I stopped birth control Tuesday. Today, I started estrogen in both pill form and patch form. I’ll be dissolving one pill under my tongue once in the morning and once in the evening each day and replacing my patch every three days. I’ll get my estrogen levels tested on Thursday and hopefully get the all clear to continue the same routine on Friday when my clinic receives the results from the outside lab. If there wasn’t a pandemic, I would be making the four hour round trip to the clinic for blood work and another ultrasound. We’re skipping this ultrasound and opting to do the blood work locally so our results are delayed by a day (per our clinic’s request).
I’ve been taking prenatal gummies for awhile. I always thinks it ironic to take prenatals and birth control at the same time. But, you got to do what you got to do.
I have had mild nausea from the estrogen patches in the past, so I’m waiting for that to kick in. But, I’m thankful that my regimen isn’t crazier or like a fresh IVF cycle. I will be adding in antibiotics, probiotics, and progesterone in oil in the coming weeks.
Well, I jinxed myself y’all. Yesterday’s appointment yielded good results, but it was the second most painful physical experience with a fertility doctor. I don’t blame the doctor. My body just was not cooperating.
My cervix decided to play peekaboo with the doctor. One speculum. Two. Now, let’s try Big Bertha! The doctor kept repeating we should NOT have to do this for the transfer since I’ll have a full bladder. But, I’m honestly not sure who she was trying to reassure more. Me or her. Maybe we both needed it.
But, look! I got these consolation pictures of my uterus 🤪 Apparently, it looks like a whale tail and that’s a good thing 🤷🏼♀️
Late post. A lot on my mind, but I wanted to get this done tonight. I have an early morning 🙃
We’ve been getting a lot of questions about our upcoming transfer recently. So, here’s a little update.
I had to have a negative covid test before treatment starts, so I got that out of the way before Christmas just in case things got delayed or busy because of the holidays. I was negative, and we spent the holidays at home away from our extended family sadly. I am getting anxious about the rise in positive covid cases. There’s no perfect time to get pregnant/have a baby, but a pandemic is definitely an interesting time.
My first in-person appointment is tomorrow where I’ll have a saline ultrasound, mock transfer, and blood work. The saline ultrasound is where saline is placed inside the uterus to make sure everything looks normal. The mock transfer is where they pretend they transfer an embryo and figure out the details of the transfer since everyone’s anatomy is different. Other than feeling a little bloated, the process has always been easy for me in the past. I have never had any issues before, so I’m expecting to get an all clear. This ultrasound will serve as my baseline ultrasound and will officially start our transfer cycle. The whole cycle takes about 4 weeks plus the 2 week wait. For now, the only medication I need to take is birth control to help sync my cycle up to line up to our transfer date, February 4. I still can’t believe this is my 6th embryo transfer between genetic embryos and donor embryos. 😬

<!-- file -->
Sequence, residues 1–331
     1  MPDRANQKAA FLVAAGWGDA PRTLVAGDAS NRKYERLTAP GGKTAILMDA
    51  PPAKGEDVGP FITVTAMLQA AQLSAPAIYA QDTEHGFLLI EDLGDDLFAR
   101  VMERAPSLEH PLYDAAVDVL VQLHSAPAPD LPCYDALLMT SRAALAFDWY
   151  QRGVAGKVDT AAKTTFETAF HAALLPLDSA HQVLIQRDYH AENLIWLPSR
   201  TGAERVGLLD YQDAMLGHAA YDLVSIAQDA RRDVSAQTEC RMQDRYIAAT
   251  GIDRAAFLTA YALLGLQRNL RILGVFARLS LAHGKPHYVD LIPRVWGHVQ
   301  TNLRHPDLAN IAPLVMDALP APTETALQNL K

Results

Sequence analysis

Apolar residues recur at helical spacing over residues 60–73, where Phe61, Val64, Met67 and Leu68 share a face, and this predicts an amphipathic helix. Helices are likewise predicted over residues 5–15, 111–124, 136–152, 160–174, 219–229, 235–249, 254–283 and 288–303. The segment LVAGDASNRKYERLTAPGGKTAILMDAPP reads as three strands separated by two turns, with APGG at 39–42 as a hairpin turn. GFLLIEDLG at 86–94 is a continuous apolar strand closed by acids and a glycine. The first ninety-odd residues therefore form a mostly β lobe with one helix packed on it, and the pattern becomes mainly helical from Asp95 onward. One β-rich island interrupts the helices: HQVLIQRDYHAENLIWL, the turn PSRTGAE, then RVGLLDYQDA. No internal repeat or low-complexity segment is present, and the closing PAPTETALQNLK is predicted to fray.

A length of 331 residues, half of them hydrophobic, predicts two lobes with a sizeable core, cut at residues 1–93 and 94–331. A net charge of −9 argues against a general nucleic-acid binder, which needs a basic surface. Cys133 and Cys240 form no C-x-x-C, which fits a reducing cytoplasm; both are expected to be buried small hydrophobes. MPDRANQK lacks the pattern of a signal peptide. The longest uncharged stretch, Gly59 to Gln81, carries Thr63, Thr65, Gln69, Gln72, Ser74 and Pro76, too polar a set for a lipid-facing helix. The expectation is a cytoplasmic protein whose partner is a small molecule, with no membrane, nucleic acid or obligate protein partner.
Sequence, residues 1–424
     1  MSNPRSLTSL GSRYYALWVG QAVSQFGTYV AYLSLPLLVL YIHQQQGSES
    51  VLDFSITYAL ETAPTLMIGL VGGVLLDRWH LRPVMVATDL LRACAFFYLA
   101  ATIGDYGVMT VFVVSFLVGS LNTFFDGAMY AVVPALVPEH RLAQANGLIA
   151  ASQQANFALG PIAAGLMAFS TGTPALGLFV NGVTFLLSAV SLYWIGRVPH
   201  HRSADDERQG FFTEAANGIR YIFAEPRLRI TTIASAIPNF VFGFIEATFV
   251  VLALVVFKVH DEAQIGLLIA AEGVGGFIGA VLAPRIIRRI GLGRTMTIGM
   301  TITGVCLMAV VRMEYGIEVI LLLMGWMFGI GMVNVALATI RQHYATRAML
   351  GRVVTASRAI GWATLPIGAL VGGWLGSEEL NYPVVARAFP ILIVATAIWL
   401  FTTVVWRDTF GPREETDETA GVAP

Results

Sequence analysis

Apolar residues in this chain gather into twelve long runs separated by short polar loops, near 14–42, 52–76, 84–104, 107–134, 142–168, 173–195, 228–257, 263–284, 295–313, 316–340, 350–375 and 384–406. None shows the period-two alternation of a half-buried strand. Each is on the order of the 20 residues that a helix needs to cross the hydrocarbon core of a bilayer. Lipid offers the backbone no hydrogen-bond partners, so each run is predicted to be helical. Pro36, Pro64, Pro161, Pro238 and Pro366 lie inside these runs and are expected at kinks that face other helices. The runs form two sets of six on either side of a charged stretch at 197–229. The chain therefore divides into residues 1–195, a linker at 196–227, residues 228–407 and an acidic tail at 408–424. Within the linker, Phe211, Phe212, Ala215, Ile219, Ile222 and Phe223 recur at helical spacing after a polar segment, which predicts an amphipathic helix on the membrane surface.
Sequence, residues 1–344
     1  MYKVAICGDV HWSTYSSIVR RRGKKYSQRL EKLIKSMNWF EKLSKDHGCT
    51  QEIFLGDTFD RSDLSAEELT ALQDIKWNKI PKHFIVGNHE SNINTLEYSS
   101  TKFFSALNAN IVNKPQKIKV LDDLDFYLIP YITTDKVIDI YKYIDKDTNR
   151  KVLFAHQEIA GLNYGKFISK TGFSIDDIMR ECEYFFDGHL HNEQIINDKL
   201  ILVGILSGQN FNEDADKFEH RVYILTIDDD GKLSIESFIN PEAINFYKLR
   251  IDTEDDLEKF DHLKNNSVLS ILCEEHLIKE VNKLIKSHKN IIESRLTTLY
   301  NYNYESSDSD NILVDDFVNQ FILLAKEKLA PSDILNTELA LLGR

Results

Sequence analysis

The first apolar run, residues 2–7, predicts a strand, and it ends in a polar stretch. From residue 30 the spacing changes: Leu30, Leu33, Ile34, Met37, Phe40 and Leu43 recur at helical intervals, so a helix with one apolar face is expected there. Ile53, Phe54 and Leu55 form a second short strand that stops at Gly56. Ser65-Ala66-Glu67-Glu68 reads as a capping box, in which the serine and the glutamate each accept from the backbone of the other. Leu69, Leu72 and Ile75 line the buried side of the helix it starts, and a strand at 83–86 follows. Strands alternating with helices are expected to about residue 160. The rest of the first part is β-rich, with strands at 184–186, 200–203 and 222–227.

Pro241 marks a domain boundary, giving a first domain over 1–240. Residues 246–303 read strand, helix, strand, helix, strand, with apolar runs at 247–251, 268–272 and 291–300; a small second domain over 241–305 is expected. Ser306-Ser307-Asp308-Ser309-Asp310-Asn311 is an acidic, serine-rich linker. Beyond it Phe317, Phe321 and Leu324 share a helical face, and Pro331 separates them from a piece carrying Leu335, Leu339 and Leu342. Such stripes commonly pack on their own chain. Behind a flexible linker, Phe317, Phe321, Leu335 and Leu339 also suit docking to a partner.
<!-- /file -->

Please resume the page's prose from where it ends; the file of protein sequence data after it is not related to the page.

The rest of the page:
Holding onto hope. But, prayers are welcome! For travel too as the weather looks questionable tomorrow.
We’ll be transferring on February 4! It’s official, and everything seems real, finally. While the transfer is still 2 months away, we’ll be doing blood work this week, and my first ultrasound will be early January. I’ll hopefully be dealing with price shopping and ordering my prescriptions today. So, there’s enough to do between now and February.
A few things will be different this time. Chris won’t be able to attend the embryo transfer or any appointment for that matter. I’ll be by myself for every appointment, but I’ve done most of my ultrasounds in our past donor cycles by myself. He will be able to FaceTime for the transfer, so that’ll be a new experience. We understand. This is the reality of fertility treatments during a pandemic. I feel bad for newbies. This will be my 6th transfer, so I’m (mostly) resolved to whatever is thrown our way. But, it would have felt impossible to do without him there the first few times.